The EEOC has been bringing lawsuits against employers challenging wellness programs. A recent case involved a company that had previously provided a credit to employees enrolled in the health plan who participated in a health risk assessment (HRA) and biometric screenings. The company had eliminated the credit and instead conditioned health plan enrollment on participation in the HRA and the biometric screenings. In other words, instead of costing an employee more to decline the HRA and biometric screening, an employee who failed to complete the screenings was no longer eligible for coverage. According to the court’s decision, the company used aggregate health data to establish premium contributions, assess the need for stop loss insurance, adjust co-pays, and develop other programs to address the risks identified through the wellness program. The EEOC sued the employer, Flambeau, Inc., taking the position that conditioning health plan coverage on biometric screening violated the provisions of the Americans with Disabilities Act (ADA) that require medical examinations to be voluntary unless they are required by business necessity. While biometric screenings may assist employers in identifying medical risks or encouraging employees to adopt healthier behaviors, the screenings are not likely to be considered “necessary” to the business of the employer.

The EEOC has proposed regulations governing wellness programs that would allow certain incentives or penalties tied to an employee’s participation in a wellness program. One provision of those proposed regulations would preclude an employer from conditioning enrollment in a medical plan on completing biometric screenings. The court in the Flambeau decision, however, rejected the EEOC’s position and upheld the ability of the employer to deny enrollment to an employee who failed to participate in the wellness program. The Court concluded that a provision in the ADA that allows employers to establish the terms of a bona fide benefit plan based on underwriting risks, classifying risks, or administering risks acted as a safe harbor that trumped the requirement that the biometric screenings be “voluntary.” The employer claimed that its wellness program was a term of its health benefit plan and that the purpose of the program was underwriting, classifying and administrating health insurance risk.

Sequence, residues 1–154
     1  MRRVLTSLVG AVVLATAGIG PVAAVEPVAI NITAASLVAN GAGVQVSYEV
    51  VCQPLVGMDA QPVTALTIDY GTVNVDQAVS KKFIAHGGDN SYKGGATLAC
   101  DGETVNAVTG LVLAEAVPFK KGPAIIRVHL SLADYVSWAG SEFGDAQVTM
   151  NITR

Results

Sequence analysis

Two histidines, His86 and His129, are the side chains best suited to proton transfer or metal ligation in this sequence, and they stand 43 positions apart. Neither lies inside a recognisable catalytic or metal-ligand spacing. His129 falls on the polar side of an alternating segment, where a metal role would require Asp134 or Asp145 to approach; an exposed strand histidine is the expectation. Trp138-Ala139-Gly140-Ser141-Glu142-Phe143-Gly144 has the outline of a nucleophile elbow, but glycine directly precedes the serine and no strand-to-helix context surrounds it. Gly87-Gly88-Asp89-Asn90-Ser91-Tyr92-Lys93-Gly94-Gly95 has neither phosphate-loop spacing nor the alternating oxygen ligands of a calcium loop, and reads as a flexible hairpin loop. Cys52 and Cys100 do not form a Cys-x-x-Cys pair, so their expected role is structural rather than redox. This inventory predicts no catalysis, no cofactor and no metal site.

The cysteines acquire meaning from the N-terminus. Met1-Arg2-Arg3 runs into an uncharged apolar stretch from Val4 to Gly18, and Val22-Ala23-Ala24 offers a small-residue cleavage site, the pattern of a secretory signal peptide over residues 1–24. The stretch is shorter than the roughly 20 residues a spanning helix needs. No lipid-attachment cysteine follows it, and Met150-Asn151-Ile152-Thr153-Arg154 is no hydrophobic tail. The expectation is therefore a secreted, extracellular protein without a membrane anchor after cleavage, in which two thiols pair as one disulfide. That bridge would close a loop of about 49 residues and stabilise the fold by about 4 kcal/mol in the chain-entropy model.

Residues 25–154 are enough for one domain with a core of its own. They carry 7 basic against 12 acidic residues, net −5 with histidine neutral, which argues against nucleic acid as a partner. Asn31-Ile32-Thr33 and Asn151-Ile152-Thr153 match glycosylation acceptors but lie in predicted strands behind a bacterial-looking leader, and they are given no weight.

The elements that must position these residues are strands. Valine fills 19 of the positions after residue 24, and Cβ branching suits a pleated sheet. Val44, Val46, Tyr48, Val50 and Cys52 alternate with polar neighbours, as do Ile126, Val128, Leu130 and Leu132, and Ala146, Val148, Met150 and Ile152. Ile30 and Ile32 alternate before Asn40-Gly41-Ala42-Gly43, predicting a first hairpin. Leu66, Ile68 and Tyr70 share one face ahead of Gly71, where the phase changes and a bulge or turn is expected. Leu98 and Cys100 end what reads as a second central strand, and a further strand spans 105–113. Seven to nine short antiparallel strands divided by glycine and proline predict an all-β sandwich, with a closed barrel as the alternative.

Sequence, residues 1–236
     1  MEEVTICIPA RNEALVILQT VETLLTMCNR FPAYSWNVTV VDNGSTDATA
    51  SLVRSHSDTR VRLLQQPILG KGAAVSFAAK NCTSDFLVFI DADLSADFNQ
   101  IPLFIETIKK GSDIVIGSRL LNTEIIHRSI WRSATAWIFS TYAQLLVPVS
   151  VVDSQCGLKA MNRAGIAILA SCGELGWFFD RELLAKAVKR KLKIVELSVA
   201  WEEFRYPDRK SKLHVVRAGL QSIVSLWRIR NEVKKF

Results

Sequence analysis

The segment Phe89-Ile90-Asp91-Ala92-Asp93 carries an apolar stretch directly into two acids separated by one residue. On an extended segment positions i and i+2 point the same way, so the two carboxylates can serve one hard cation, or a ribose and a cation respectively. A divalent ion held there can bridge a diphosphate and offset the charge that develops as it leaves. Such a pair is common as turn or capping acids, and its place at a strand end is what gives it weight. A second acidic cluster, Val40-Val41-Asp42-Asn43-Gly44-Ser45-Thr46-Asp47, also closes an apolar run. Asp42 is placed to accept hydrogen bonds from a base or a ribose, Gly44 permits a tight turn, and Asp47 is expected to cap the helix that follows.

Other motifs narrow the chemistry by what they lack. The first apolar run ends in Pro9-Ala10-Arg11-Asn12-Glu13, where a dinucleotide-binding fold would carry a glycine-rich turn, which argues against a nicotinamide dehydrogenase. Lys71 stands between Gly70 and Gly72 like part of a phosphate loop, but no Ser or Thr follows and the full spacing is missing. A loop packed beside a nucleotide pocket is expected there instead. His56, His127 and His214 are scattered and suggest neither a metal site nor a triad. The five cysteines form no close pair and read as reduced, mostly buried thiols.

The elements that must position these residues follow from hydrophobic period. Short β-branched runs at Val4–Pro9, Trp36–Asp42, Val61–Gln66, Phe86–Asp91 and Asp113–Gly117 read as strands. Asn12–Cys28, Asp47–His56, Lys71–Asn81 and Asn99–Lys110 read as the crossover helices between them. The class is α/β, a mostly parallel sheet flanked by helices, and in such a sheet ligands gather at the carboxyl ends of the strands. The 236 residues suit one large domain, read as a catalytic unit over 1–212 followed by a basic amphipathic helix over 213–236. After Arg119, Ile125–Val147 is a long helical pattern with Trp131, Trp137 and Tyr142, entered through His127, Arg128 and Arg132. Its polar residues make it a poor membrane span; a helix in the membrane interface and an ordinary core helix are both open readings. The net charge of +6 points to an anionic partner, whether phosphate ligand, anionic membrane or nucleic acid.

The court accepted that argument, thereby allowing the employer to condition coverage under the plan on completion of the HRA and biometric screening. This conclusion undermines the EEOC’s position and would give employers great leeway in establishing wellness programs. So long as the results of the wellness program are used to classify or underwrite risks, employers could require that participants complete the programs in order to enroll in the health plan. On the other hand, if the employer simply wanted to have an incentive or penalty, the incentives or penalties would be limited to 30% of the cost of the coverage (50% for tobacco cessation programs) otherwise contained in wellness regulations under the Affordable Care Act.

One would expect that the EEOC will appeal this decision since it provides employers with the ability to impose much more severe consequences for failure to participate in wellness programs than the EEOC would like. The decision might also cause the EEOC to rethink its proposed regulations to better justify its position that employees should not be required to participate in wellness programs to obtain health plan coverage from the employer.